Chris Hydro Power Project

This is my 2 page paper.

Chris Riemer
Hydropower

I’ll start with a short history of hydropower. Waterwheels have been in use in India, China, and just about everywhere else since hundreds of years ago. Since then, we’ve taken the idea and evolved it until it produces enormous amounts of energy. China produces the most by far, with the U.S. in fourth behind Canada and Brazil. My job was to take the idea that has led to the building of many huge dams, such as the Hoover, and make it small, inexpensive, and capable of producing enough energy to boil a cup of water.
In big hydroelectric generators on rivers, or dams, the general idea is this: the water flows down into pipes, or “penstocks” and spins the turbine. The turbine spins the generator. Generators aren’t that complicated, and the hydroelectric ones work like this: the powerful magnets inside the generator rotates close to insulated wire coils. The insulated wires make a flow of electrons. The electrons become an electrical current when the generator is connected to an electric circuit.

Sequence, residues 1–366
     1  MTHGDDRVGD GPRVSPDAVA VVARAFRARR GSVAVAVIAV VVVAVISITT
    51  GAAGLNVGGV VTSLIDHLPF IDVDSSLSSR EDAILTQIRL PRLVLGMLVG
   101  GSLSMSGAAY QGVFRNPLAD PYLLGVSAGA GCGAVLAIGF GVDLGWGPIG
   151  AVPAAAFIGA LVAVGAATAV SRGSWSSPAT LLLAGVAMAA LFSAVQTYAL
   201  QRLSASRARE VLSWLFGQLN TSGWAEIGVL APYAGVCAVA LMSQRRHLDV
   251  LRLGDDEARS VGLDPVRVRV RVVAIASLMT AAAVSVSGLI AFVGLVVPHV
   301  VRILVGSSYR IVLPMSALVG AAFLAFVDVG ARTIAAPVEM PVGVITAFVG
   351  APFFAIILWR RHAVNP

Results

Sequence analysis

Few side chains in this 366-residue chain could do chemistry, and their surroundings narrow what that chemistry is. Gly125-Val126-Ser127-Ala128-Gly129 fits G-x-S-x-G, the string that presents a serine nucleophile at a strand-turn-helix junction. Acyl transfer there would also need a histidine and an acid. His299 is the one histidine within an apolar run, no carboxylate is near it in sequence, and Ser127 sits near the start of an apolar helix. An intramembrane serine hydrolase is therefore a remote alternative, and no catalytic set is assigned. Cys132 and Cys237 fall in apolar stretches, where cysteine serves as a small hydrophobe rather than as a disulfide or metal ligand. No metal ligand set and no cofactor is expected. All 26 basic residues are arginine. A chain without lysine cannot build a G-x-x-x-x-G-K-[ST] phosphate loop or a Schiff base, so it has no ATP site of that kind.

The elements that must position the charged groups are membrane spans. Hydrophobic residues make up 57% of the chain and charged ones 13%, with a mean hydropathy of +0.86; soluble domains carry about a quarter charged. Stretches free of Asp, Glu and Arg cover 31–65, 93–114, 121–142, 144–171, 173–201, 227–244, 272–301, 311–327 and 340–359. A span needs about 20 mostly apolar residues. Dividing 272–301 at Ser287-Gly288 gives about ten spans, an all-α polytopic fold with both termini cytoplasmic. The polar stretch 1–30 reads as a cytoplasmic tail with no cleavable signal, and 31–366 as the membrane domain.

Though the generator is the most complicated part, the other parts like the turbine are just as important to make the whole thing work. The turbine “runners” or blades, can be made out of a variety of things. The one I liked most was a cork with spoon heads sticking out in eight places.
The construction would most likely be cheap, but the inside of the generator would be a bit fiddly and I’m not sure we have all the materials in the class. The turbine would be really easy, just some spoons, a cork, and hot glue gun. All in all, I think the hydroelectric generator would work really well. I think we would hook it up to a hot plate or even microwave pretty easily, but we might want to turn off the light in the microwave to keep it from using too much power. If we made the generator, just holding it under a sink would hopefully make enough electricity.

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